(Above) Edward Ruscha (b. 1937), Give Him Anything and He’ll Sign It,
1965, oil on canvas, 57 3/8 x 55 1/4 x 1 3/4 in., Whitney Museum of American Art, New York, promised gift of Emily Fisher Landau, P.2010.257. Art © Ed Ruscha. Photography by Tim Nighswander/Imaging4Art.
In 2010, Emily Fisher Landau gave her collection of contemporary art to the Whitney Museum of American Art in New York. This historic gift — which includes 419 artworks by eighty-nine artists — is significant not just for its size, but also for the remarkable breadth of media and styles it encompasses. Legacy
presents a selection of more than seventy artworks from that gift. Featuring painting, sculpture, photography, and prints, this exhibition reflects Mrs. Landau’s longstanding commitment to the art and artists of her own time.
Mrs. Landau began collecting art in the late 1960s, acquiring the work of modern masters from both the United States and Europe. Early purchases included pieces by Pablo Picasso, Josef Albers, Alexander Calder, and Henri Matisse, among others. By 1987, the year she joined the Whitney’s Painting and Sculpture Acquisitions Committee, Mrs. Landau’s focus had turned almost exclusively toward art being made in America. This shift in attention to artists working close to home would become a trademark of Mrs. Landau’s collection. Over the last several decades, she has become personally acquainted with a number of the artists whose work she has purchased, visiting their studios to keep her finger on the pulse of what new art looks like.
The Landau collection is distinguished not only by its excellence, but also by a spirit of adventure and open-mindedness: “I’ve never collected something because it was fashionable,” Mrs. Landau once said. “It was always about what I instinctively liked.” Such an approach has often required her to call prevailing tastes into question, resulting in a collection that defies the notion that a single, overriding narrative can be attached to the history of art made after 1945. Tracing many of the concepts that have been formative in American art-making, particularly over the last fifty years, Legacy
brings together seminal works by some of the most influential artists of the twentieth and twenty-first centuries. Works by Carl Andre and Agnes Martin define and expand the confines of Minimalism; Gregory Crewdson and Lorna Simpson highlight new approaches to photography; Jenny Holzer and Glenn Ligon investigate the intersection of image and language; and Felix Gonzalez-Torres and Nan Goldin represent a revived interest in the role of personal narrative. Also highlighted in the exhibition are several artists that Mrs. Landau has collected in-depth, including Jasper Johns, Richard Artschwager, and Ed Ruscha.
Free Wi-Fi is now available in all Joslyn galleries. Guests should bring a mobile device or borrow one of Joslyn’s (free of charge, valid driver’s license required) to access the dual language exhibition mobile tour, presented by Joslyn and OnCell. Call (402) 881-3601 (English) or (402) 972-4031 (Spanish). Tour access information also available at the Museum and, beginning September 28, by clicking here.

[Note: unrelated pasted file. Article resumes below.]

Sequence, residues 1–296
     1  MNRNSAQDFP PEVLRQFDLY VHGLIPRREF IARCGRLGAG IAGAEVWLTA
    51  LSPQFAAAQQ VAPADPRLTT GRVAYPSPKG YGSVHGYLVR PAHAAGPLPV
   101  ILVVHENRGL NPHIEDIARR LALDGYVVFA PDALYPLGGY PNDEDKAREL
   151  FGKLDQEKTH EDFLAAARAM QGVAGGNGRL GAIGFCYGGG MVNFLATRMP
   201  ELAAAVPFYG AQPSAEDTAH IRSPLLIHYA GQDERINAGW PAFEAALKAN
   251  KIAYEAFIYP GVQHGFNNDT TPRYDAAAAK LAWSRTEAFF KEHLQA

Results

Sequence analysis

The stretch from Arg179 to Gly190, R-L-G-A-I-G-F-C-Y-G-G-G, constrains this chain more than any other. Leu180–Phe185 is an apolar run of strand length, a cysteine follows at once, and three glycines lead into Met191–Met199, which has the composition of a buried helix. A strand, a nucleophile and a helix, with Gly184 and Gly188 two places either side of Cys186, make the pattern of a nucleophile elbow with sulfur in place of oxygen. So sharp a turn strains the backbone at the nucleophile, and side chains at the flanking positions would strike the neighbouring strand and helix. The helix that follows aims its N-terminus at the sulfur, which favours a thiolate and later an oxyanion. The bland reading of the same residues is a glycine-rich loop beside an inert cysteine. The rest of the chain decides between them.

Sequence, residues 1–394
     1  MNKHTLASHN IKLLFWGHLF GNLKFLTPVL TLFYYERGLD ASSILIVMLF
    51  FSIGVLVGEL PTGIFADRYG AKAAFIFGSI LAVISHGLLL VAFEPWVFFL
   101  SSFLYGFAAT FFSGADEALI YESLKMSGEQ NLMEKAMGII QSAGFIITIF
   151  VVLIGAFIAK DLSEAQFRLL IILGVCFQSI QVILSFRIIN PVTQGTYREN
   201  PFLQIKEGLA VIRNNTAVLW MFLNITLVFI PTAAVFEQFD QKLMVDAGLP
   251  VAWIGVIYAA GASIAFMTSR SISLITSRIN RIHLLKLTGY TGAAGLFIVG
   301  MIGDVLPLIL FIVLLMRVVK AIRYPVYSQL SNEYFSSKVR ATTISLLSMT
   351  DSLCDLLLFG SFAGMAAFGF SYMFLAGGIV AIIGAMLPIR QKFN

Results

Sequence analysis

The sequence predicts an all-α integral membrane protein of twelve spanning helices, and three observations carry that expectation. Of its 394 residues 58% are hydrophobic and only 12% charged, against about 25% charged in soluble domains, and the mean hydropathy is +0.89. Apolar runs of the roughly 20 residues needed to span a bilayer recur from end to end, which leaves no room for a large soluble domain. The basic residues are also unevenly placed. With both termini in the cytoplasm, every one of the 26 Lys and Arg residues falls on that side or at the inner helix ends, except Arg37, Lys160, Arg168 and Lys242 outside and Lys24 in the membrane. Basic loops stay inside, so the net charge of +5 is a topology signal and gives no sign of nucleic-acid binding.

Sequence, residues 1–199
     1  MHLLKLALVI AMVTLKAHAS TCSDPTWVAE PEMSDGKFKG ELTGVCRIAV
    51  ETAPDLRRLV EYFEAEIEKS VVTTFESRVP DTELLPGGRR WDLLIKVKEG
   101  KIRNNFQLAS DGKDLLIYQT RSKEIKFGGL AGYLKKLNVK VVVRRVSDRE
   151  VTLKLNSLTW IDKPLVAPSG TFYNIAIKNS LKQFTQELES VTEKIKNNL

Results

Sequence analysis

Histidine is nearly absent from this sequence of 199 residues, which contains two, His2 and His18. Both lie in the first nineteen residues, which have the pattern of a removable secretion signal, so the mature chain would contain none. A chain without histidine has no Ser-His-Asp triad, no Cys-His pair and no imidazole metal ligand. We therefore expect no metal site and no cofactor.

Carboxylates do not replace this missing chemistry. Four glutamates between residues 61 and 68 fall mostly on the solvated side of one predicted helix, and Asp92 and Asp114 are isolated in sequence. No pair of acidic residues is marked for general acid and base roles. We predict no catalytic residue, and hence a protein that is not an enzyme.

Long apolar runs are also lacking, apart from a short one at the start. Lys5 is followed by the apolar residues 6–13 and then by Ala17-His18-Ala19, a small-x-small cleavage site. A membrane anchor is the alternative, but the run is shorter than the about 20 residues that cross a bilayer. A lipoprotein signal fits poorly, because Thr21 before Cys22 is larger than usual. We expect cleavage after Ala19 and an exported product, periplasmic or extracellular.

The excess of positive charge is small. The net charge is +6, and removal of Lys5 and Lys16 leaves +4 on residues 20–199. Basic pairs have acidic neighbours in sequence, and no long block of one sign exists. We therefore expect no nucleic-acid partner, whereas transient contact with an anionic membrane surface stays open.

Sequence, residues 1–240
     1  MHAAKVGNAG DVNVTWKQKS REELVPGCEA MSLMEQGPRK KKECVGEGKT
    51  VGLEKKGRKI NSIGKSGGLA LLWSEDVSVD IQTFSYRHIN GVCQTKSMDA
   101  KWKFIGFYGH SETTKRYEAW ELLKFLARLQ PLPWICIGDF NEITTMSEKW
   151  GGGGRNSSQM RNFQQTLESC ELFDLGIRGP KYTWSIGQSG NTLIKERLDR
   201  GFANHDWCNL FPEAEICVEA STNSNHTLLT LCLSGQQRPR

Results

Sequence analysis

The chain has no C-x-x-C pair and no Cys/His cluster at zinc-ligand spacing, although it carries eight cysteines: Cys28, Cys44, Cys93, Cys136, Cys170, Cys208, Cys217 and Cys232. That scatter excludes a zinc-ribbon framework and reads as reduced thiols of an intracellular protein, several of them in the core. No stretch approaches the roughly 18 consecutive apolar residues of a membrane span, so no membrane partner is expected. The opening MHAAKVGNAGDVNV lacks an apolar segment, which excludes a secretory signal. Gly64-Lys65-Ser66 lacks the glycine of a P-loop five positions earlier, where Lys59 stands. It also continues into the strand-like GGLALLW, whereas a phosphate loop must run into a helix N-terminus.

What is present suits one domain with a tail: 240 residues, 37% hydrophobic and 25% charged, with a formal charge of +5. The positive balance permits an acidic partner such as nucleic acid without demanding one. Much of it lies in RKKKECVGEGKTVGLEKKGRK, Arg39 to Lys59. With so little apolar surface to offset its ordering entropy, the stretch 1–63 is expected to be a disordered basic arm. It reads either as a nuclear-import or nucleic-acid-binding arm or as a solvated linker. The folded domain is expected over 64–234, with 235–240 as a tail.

Exhibition Related Events
On Friday, September 27, Joslyn members will enjoy a private preview of Legacy.
At 6 pm, Adam D. Weinberg, Alice Pratt Brown Director of the Whitney Museum of American Art, will give an overview of the exhibition. The presentation will be followed by gallery viewing. Complimentary light hors d’oeuvres will be served, and a cash bar will be available. Invitations were mailed to all Joslyn members. Others interested in attending may join Joslyn online today.
Curator Gallery Talks
Karin Campbell, Joslyn’s Phil Willson Curator of Contemporary Art, will present gallery talks about the Legacy
exhibition on Thursdays, October 10 and November 7.
The gallery talks are free
and begin at
6:30 pm (cash bar opens at 5 pm).
Family Fun Day
Sunday, October 13,
from 1 to 4 pm, enjoy a free
afternoon inspired by Joslyn’s exhibitions Legacy
and The Lorax.
Guests will weave a narrative while investigating a work of art with local storyteller Rita Paskowitz and jump in on a collaborative, text-based activity inspired by Carl Andre’s Gazetteer (1964; featured in the exhibition) and the word “place.” Art-making stations include “On the Surface” (collages of maps, wood grain, and more, with images painted over top); “Some Assembly Required” (found-object sculptures made from drinking straws); and “Truffula Paintings” (forests of brightly-colored Truffula tufts, just like in The Lorax,
painted with hand-made sponge brushes).
Family Fun Day is free and supported in part by the Joslyn Art Museum Association.
Framing the Flame: Art That Ignites
On Thursday, December 19,
Joslyn presents “Framing the Flame: Art That Ignites,” an exhibition-inspired gallery program beginning at 6 pm (cash bar opens at 5 pm). Speakers will include Marissa Vigneault, assistant professor of practice in modern and contemporary art history at the University of Nebraska–Lincoln; Weston Thomson, artist and interim executive director of The Kent Bellows Studio & Center for Visual Arts; and artist Ying Zhu. Vigneault, Thomson, and Zhu will each speak for ten minutes about a work in the Legacy
exhibition that “lights their fire,” shedding light on how art inspires, engages, and delights them and impacts their own work. Following this free
program, visitors may continue the conversation with the speakers and Karin Campbell, Joslyn’s Phil Willson Curator of Contemporary Art, in the galleries or over drinks in the ConAgra Foods Atrium.